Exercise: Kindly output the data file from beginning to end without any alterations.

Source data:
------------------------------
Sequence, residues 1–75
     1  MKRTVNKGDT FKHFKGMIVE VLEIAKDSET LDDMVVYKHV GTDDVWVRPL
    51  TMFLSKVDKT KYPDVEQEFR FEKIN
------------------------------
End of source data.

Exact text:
Sequence, residues 1–75
     1  MKRTVNKGDT FKHFKGMIVE VLEIAKDSET LDDMVVYKHV GTDDVWVRPL
    51  TMFLSKVDKT KYPDVEQEFR FEKIN